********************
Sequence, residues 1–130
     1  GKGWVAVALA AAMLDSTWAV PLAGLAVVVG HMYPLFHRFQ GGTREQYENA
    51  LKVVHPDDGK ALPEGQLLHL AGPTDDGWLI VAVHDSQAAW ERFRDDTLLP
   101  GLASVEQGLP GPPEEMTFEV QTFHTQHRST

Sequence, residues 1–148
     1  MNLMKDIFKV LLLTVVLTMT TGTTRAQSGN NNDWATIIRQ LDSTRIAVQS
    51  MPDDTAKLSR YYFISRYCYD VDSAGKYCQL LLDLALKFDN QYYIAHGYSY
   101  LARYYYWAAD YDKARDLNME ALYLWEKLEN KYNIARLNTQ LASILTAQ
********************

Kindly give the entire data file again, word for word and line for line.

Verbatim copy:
Sequence, residues 1–130
     1  GKGWVAVALA AAMLDSTWAV PLAGLAVVVG HMYPLFHRFQ GGTREQYENA
    51  LKVVHPDDGK ALPEGQLLHL AGPTDDGWLI VAVHDSQAAW ERFRDDTLLP
   101  GLASVEQGLP GPPEEMTFEV QTFHTQHRST

Sequence, residues 1–148
     1  MNLMKDIFKV LLLTVVLTMT TGTTRAQSGN NNDWATIIRQ LDSTRIAVQS
    51  MPDDTAKLSR YYFISRYCYD VDSAGKYCQL LLDLALKFDN QYYIAHGYSY
   101  LARYYYWAAD YDKARDLNME ALYLWEKLEN KYNIARLNTQ LASILTAQ